Jenny–I pre-ordered your book ages ago and have been waiting for it to come in…my mom needed back surgery so I arranged to come out and stay with her for a week and help out. So, now, my book is at home and I am across the country…I can’t wait to get my hands on it! I considered asking my husband to ship it but I knew he would think I was crazy!!
I got the book two days ago and have been pouring over it every evening after I put the kids to bed. It is fantastic. I will probably try every recipe eventually.
I can’t wait to find out what actually goes into the “S@#% in a bag” to make such a beautiful looking steak! I just bought a copy of DALS and am eagerly awaiting its arrival so that I can start putting all of the recipes to good use.
Congrats on the cookbook, Jenny! Your apple galette story reminded me of a B+B my husband and I stayed at in Vermont. The owners had 3 sons who apparently would complain at breakfast: “blueberry scones, again?!” Tough life, these kids.
I don’t want to win anything and am too lazy to click to the other page anyway, just wanted to say I just bawled reading the Nesting and Expecting section. My 3 yr old looked at me and asked if I was sick. Who knew a “cookbook” could make a girl cry…I guess being 5 months pregnant doesn’t hurt either. Thank you!
Just read a good review of the book on Food52.
One of the best parts of your BA column is the spirit of improvisation and spontaneity that you and your husband have about cooking for the family. That’s hard to get into a cookbook but having ideas on how to do variations on a theme and substitutions for picky eaters would be a great read. Maybe for the next cookbook! 😉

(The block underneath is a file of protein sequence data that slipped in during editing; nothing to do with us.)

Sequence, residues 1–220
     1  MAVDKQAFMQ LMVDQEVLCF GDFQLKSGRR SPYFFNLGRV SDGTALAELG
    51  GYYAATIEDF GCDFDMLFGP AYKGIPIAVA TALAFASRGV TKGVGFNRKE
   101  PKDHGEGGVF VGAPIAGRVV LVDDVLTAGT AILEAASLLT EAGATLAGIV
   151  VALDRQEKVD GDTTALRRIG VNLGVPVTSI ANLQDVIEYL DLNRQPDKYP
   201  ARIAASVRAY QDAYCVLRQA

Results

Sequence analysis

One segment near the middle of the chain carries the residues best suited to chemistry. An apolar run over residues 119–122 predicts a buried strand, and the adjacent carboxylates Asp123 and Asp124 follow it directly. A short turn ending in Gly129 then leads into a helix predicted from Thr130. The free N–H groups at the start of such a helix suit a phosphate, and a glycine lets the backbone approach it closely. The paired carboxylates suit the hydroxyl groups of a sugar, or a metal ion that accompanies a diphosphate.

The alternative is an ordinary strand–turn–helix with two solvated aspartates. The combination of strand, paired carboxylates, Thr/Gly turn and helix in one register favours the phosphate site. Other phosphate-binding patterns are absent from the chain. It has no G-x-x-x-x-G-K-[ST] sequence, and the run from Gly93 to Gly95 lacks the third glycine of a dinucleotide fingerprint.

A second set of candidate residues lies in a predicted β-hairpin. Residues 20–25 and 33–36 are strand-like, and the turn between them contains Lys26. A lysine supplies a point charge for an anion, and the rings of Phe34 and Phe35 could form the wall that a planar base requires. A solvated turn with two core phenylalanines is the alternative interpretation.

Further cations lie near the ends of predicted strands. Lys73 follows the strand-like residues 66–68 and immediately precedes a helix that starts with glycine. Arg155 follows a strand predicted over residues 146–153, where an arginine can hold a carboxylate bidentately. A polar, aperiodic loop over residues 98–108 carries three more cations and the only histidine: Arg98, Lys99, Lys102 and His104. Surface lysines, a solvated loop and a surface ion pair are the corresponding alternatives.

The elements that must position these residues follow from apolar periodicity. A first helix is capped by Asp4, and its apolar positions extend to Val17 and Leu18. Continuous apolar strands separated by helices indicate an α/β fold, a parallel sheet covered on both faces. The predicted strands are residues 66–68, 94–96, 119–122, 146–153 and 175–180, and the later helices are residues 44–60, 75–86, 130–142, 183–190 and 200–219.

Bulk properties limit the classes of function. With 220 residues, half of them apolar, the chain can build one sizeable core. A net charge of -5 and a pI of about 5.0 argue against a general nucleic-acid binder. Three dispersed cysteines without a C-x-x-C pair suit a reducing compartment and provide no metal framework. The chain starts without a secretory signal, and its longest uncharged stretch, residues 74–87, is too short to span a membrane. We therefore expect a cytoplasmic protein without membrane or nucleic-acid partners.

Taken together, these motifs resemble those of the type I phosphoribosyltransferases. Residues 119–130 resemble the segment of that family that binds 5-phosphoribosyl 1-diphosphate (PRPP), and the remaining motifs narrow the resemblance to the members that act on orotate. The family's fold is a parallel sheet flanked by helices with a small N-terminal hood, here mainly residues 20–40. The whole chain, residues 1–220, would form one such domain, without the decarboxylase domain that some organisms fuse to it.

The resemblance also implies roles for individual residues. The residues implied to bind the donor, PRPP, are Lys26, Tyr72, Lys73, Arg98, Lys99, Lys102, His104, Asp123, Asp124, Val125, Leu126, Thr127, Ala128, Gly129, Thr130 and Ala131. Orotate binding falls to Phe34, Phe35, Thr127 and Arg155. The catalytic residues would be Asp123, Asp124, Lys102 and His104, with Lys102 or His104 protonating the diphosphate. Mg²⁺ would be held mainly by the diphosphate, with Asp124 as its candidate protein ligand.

I know exactly what you mean about testing recipes. I just put up a recipe for Rotini with Beet Pesto on my site, and looked up my handwritten recipe, in which the first ingredient was ‘a whole mess of beets.’ This recipe thing: not as easy as it looks…
Jenny, I can’t tell you how thrilled I was to get my pre-ordered copy of your book. I wasn’t expecting so much story…I love that it is more a manifesto than a cookbook. The take home message for me? Drop the guilt. As a mother of twin preschoolers who are picky eaters, I was so reassured to know that you, you!, queen of the family dinner, also spent an uncomfortable amount of time trying to figure out how to get the child to eat. (My favourite part was when you were talking about how the kid didn’t have to even like the food…as long as it went into the mouth–and stayed there–the meal was a win. We feel like that all the time.) Congratulations on writing a book that I’ll keep forever.
Tony’s Steak! We tried it tonight with a grilled vegetable salad from Bon Appetite. I say we because I do the marinating part and my husband grills. It was a big hit with everyone including our five year old son. He’s been telling me that he’s mad at meat and has been refusing to eat it, I have no idea why, but tonight after trying this with some Soyaki he had three helpings. Yay! Definately going into the summer dinner rotation. Thanks!